Response to the coronavirus might be proved an inflationary threat.

Author: Harry Frouzakis IMC – Certified Investment Manager

Wednesday 13 May 2020

Several economists around the world are whistleblowing that the stimulus policy pack announced is enough to create an inflationary bubble in coming years. Is the fear that we are under an inflationary threat genuine or can we feel safe and continue our investment planning without distraction. Unfortunately, the answer to this question is not clear-cut.

At first, we must examine if the situation this time differs from past experiences or not. For the time being, we feel accustomed to quantitative easing programs as a means of raising the total amount of money available and ease financial conditions. Quantitative easing increases bank reserves, which do not mean that total money supply is increased.

Additionally, QE programs were not coupled with rise in fiscal deficits. In contrary, during the introduction of QE programs several western economies were struggling to reduce their deficits, and here lies the great difference in relation to past experiences.

What the central banks are doing, is buying bonds. Goldman Sachs estimates that fiscal stimulus in the USA will bring fiscal deficit to $3.6 trillion in 2020 and $2.4 trillion in 2021, a total of $6 trillion in two years. Considering that USA fiscal deficit is already around $1 trillion, this is an addition of $5 trillion. Who will buy all this new debt? The Federal Reserve will.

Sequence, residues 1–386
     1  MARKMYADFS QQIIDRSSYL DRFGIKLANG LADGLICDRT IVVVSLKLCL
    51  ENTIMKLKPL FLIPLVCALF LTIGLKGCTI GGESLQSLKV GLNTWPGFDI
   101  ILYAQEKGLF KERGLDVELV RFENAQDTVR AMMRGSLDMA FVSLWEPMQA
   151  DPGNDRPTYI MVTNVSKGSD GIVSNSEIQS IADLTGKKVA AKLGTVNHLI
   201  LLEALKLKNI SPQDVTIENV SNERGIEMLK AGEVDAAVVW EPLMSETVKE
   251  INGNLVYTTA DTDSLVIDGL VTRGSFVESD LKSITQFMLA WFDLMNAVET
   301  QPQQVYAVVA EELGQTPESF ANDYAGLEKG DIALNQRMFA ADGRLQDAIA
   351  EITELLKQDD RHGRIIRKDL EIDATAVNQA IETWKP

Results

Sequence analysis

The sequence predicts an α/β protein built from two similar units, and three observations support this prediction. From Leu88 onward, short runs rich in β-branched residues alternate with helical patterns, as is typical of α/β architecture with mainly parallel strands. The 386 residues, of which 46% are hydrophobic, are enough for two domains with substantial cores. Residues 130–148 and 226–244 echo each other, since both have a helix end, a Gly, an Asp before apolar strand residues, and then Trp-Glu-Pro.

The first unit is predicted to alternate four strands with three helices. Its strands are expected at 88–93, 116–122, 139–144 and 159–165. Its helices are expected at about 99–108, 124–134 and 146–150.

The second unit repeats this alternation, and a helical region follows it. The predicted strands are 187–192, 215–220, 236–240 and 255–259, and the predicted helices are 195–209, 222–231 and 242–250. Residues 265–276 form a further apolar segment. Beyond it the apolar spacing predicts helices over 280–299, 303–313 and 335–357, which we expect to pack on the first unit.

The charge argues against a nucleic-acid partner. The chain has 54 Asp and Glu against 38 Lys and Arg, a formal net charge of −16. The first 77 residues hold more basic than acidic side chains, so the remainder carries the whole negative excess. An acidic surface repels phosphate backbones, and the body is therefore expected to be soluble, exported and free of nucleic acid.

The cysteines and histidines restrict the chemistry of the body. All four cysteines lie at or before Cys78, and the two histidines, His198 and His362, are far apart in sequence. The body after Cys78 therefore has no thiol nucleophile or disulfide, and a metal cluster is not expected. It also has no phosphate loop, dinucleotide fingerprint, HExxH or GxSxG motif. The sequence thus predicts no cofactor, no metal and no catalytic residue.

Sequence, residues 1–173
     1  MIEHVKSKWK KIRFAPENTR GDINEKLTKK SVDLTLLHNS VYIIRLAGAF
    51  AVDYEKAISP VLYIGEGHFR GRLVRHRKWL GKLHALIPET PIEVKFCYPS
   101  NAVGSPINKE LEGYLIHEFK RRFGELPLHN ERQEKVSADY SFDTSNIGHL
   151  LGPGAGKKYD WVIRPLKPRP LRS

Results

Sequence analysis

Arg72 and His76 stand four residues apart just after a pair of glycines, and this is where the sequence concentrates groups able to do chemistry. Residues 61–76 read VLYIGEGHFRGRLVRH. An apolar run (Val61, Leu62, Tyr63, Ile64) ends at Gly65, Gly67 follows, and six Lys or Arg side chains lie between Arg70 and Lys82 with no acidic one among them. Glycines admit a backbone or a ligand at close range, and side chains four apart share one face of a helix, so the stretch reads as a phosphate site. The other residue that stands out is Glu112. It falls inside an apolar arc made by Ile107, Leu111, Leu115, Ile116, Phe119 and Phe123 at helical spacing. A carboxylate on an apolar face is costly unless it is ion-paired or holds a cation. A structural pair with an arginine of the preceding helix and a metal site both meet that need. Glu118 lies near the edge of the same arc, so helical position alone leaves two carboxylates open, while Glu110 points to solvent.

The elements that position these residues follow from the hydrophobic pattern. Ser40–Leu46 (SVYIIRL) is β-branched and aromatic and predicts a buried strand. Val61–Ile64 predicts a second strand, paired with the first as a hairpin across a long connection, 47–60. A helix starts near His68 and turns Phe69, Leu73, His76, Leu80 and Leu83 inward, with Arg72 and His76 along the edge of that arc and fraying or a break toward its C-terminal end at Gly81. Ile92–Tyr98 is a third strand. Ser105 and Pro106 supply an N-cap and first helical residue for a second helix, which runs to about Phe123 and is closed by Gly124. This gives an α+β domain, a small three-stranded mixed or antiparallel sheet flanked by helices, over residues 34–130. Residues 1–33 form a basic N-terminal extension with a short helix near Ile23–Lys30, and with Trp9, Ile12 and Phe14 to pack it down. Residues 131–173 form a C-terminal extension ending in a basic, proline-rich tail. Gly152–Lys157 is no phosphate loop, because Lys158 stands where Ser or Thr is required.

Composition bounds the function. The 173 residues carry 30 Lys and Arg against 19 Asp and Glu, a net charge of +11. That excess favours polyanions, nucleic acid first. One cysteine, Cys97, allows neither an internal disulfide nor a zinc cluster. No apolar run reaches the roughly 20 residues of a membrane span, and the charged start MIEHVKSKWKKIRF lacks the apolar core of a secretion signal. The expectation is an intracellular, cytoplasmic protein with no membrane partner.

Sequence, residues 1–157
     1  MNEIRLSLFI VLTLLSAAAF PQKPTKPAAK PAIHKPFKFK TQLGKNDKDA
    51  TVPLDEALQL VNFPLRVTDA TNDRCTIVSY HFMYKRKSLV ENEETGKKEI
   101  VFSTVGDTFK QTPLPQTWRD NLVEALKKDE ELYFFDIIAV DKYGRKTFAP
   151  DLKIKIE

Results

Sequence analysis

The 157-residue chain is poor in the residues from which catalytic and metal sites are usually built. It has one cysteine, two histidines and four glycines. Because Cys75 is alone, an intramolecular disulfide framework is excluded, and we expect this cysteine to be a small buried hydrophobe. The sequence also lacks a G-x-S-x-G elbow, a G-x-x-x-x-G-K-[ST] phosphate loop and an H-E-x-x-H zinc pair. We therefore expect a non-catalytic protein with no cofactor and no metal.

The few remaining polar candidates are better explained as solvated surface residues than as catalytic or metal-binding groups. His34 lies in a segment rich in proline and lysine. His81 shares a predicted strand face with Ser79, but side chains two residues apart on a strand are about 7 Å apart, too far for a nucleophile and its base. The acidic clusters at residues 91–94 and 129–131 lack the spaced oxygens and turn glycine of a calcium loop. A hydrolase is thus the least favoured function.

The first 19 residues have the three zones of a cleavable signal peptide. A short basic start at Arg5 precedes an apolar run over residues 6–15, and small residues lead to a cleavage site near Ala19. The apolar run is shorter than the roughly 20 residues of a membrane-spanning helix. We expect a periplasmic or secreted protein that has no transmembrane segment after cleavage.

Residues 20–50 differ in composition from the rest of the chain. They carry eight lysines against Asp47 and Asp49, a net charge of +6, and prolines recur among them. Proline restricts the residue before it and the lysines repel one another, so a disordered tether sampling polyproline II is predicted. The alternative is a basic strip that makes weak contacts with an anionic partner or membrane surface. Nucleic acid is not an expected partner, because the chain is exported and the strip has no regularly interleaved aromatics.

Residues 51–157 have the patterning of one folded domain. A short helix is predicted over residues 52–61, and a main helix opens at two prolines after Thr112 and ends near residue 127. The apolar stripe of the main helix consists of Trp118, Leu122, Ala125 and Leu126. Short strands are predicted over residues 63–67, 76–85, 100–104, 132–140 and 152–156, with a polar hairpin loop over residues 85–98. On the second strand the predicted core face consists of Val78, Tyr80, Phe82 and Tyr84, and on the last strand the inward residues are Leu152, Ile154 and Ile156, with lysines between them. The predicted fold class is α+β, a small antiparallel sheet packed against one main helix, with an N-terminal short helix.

In this way, money created by the central banks do not heading towards strengthening banking system balance sheets, rather, they are heading towards people’s bank accounts ready to be spent and create new demand. But, if we consider that much of productivity worldwide is ceased as a measure to decelerate coronavirus spreading, real consumption must decline, respectively. If today’s money printing does succeed in maintaining the nominal value of consumption spending, many more dollars will be chasing a smaller amount of goods and services. The result will be inflation.

Money printing is different from QE. Money printing is inflationary. If the central bank rapidly prints a lot more currency and immediately puts it into circulation, then more money is chasing the same amount of goods and services.

Ultimately, we do not worry about monetary policy. Monetary policy is conducted independently and can reduce the pace of bonds buying in case of inflationary pressure arise. In contrary, we do worry about fiscal policy. Will the policymakers around the world be willing to increase taxes or reduce spending after the economy recovers? Unfortunately, in this case, inflation will be a political issue, not a monetary or a macroeconomic one.

Monetary policy is not able to prevent the coming inflationary pressure on its own. A combination of tax increases and spending decreases after the upcoming recovery will be proved necessary to counteract a soar in inflation. I personally doubt that policymakers around the world will be precise enough to execute this fiscal reversal and to exhibit the required foresight and undertake the necessary political costs.

Inflation risk in the upcoming years will be higher than future inflation priced in today. As the recovery is underway, investors should start to search for anti-inflation positioning or maybe a volatility spike protection.

In conclusion, we expect that after 2021 inflation pressure will re-emerge and the anti-inflation policy can be proved dangerous for the macroeconomic environment. There is nothing specific that we can implement for the time being, but we must bear in mind that inflation will be a new medium-term risk to our investment portfolios.